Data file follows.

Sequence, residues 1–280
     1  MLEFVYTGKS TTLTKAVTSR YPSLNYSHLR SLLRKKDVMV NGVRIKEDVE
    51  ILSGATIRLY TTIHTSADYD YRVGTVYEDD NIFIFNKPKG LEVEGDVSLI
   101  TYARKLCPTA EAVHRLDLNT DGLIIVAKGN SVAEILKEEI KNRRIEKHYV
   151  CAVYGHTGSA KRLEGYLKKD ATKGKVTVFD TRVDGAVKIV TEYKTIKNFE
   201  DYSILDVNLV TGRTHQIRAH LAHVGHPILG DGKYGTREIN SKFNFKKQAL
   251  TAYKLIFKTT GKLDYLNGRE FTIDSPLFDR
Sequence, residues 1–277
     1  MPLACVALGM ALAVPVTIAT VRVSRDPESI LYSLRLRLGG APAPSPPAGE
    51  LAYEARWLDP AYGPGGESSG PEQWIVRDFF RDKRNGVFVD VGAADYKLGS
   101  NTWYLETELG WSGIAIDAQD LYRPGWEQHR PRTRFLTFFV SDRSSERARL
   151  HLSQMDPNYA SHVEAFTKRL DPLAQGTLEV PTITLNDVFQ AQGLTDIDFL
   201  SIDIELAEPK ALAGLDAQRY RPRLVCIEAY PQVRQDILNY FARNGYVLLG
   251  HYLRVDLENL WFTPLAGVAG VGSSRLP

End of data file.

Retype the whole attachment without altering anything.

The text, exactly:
Sequence, residues 1–280
     1  MLEFVYTGKS TTLTKAVTSR YPSLNYSHLR SLLRKKDVMV NGVRIKEDVE
    51  ILSGATIRLY TTIHTSADYD YRVGTVYEDD NIFIFNKPKG LEVEGDVSLI
   101  TYARKLCPTA EAVHRLDLNT DGLIIVAKGN SVAEILKEEI KNRRIEKHYV
   151  CAVYGHTGSA KRLEGYLKKD ATKGKVTVFD TRVDGAVKIV TEYKTIKNFE
   201  DYSILDVNLV TGRTHQIRAH LAHVGHPILG DGKYGTREIN SKFNFKKQAL
   251  TAYKLIFKTT GKLDYLNGRE FTIDSPLFDR
Sequence, residues 1–277
     1  MPLACVALGM ALAVPVTIAT VRVSRDPESI LYSLRLRLGG APAPSPPAGE
    51  LAYEARWLDP AYGPGGESSG PEQWIVRDFF RDKRNGVFVD VGAADYKLGS
   101  NTWYLETELG WSGIAIDAQD LYRPGWEQHR PRTRFLTFFV SDRSSERARL
   151  HLSQMDPNYA SHVEAFTKRL DPLAQGTLEV PTITLNDVFQ AQGLTDIDFL
   201  SIDIELAEPK ALAGLDAQRY RPRLVCIEAY PQVRQDILNY FARNGYVLLG
   251  HYLRVDLENL WFTPLAGVAG VGSSRLP